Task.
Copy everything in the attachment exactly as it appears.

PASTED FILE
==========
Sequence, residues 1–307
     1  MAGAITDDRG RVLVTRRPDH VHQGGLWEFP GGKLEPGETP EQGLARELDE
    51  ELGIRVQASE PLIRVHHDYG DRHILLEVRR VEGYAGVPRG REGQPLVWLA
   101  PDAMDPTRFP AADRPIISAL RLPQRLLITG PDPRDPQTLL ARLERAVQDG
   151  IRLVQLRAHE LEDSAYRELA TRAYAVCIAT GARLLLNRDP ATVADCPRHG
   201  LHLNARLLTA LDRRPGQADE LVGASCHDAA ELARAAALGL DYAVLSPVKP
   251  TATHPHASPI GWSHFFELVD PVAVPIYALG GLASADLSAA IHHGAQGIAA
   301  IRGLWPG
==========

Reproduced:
Sequence, residues 1–307
     1  MAGAITDDRG RVLVTRRPDH VHQGGLWEFP GGKLEPGETP EQGLARELDE
    51  ELGIRVQASE PLIRVHHDYG DRHILLEVRR VEGYAGVPRG REGQPLVWLA
   101  PDAMDPTRFP AADRPIISAL RLPQRLLITG PDPRDPQTLL ARLERAVQDG
   151  IRLVQLRAHE LEDSAYRELA TRAYAVCIAT GARLLLNRDP ATVADCPRHG
   201  LHLNARLLTA LDRRPGQADE LVGASCHDAA ELARAAALGL DYAVLSPVKP
   251  TATHPHASPI GWSHFFELVD PVAVPIYALG GLASADLSAA IHHGAQGIAA
   301  IRGLWPG